It is difficult to make predictions, especially about the future. – NEILS BOHR, Danish physicist
What is Sales Pattern?
The sales pattern is a collection of data about the sale of a particular product or group of products in the business for a given period and displaying it graphically to understand it’s behavior. These sales patterns are used in retail businesses to identify whether the business goals are being met, the effect of price changes of a particular product impacts sales, sales response to advertising, etc.
Understanding the sales pattern in retail business always helps to correlate the sales variations with respect to the various events happening in and around the business every day. The continuous monitoring of the sales pattern would certainly help the retail business to foresee the upcoming risks and take precautions.
By just looking at the numbers one cannot decide whether the low sale caused by a natural event or special event. Natural events are inherited in business as these causes cannot be removed. It is always going to be. For example, every day sales will have some variation, which cannot be controlled. But, some events would externally impact the sale. For example, the absence of employees, sudden power supply failure, holidays, etc.
Special events need attention and the actions to be taken immediately for these events to avoid recurrence. When these variations are studied using a statistical tool called ‘control chart’, we can differentiate special and natural events clearly.
Understanding Sales Pattern
Let us take an example of a fruit seller. The seller wants to identify whether his sales pattern in retail business follows normal special events. He has a sales record for the last 3 months for our analysis. The below-mentioned data provides the sales summary for 15 days which is taken as a sample from the whole set of data for representation purposes.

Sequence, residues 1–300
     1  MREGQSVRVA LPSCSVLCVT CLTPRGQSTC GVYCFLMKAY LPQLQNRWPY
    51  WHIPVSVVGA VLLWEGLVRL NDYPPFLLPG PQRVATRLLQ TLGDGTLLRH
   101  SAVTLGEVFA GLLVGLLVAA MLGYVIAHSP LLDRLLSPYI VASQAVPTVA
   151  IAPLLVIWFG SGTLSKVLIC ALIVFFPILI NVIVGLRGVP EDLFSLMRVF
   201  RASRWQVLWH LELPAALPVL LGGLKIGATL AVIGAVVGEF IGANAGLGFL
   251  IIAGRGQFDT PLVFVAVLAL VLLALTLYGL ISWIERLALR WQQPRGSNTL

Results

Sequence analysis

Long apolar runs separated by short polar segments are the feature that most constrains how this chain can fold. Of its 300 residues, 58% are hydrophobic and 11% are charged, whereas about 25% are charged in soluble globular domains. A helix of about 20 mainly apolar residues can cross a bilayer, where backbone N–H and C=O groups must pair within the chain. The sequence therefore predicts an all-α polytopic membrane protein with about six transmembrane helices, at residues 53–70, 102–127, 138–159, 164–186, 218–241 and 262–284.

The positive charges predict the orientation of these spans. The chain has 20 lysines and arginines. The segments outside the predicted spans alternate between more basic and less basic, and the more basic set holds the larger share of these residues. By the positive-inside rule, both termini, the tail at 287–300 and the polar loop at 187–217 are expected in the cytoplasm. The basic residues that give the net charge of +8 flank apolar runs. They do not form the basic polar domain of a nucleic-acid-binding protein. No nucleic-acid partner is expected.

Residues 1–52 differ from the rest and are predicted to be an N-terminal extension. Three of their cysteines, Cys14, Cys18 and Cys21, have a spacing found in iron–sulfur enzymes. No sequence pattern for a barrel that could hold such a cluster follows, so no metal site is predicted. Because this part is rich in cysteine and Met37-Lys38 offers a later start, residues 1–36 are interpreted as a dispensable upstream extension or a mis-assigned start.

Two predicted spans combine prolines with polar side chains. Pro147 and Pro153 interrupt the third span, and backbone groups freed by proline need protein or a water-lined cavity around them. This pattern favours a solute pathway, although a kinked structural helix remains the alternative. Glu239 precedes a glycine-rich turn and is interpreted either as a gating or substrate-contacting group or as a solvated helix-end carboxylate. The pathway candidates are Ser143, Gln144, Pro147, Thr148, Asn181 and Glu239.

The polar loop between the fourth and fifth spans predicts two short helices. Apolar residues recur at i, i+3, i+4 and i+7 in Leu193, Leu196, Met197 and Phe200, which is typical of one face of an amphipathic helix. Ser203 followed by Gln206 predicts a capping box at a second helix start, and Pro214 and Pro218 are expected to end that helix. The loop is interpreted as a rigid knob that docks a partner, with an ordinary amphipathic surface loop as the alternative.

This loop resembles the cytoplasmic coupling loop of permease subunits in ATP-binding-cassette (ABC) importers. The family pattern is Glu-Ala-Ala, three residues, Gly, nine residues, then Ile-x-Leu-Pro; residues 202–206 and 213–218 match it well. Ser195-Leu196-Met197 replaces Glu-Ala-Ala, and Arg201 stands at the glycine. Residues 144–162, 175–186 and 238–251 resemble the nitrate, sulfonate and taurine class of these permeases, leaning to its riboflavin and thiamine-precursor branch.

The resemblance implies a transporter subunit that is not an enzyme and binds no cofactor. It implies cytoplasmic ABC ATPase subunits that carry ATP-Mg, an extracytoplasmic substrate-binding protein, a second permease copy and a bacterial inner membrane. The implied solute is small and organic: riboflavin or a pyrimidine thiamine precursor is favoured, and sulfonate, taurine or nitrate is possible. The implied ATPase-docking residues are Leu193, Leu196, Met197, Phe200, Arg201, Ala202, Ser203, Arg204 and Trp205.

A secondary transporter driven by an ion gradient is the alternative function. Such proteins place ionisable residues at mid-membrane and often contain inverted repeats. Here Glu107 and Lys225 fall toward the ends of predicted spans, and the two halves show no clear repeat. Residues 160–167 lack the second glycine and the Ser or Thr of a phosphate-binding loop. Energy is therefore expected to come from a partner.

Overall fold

There are many types of control charts available. The most relevant control chart for this analysis is the Individual Moving Range (I-MR) Chart. To understand the selection guide, calculation, and interpretation of the control chart, I would recommend you reading further by clicking here.
The above figure shows how the control chart would look like for the given sales data.
The top line graph is an individual chart that represents the sales trend for individual value. Its centerline indicates the mean value of sales (Rs. 7749) which means the complete sales value for the 15 days lies around this mean value with the variations. These variations are from maximum value Rs. 10,415 to a minimum up Rs. 5,083.
These values are drawn as an upper control and lower control lines.
Any values lying between these lines indicate that the sale value has normal variations around the mean.
Now, let us look at the second graph which is a moving range (MR) chart. This chart is plotted with the difference in the sales value of the previous day and current day. The upper and lower lines give the control limits of the values which are calculated using formulae.
By looking at the chart, you can understand that the sales value between 10 Nov and 11 Nov has a huge difference and it almost reaching to the lower control limit. Though the limits outside the control line call for an action, it is advisable to understand why the sales variation is more during the above-mentioned days.
The fruit seller should be advised to identify the reasons for this variation and prepare himself for the future.
MR-chart is useful to understand the process variability with smaller samples and individual data. The understanding of this statistical tool would help a retailer in knowing the external impacts of a business and help him to take correct decisions.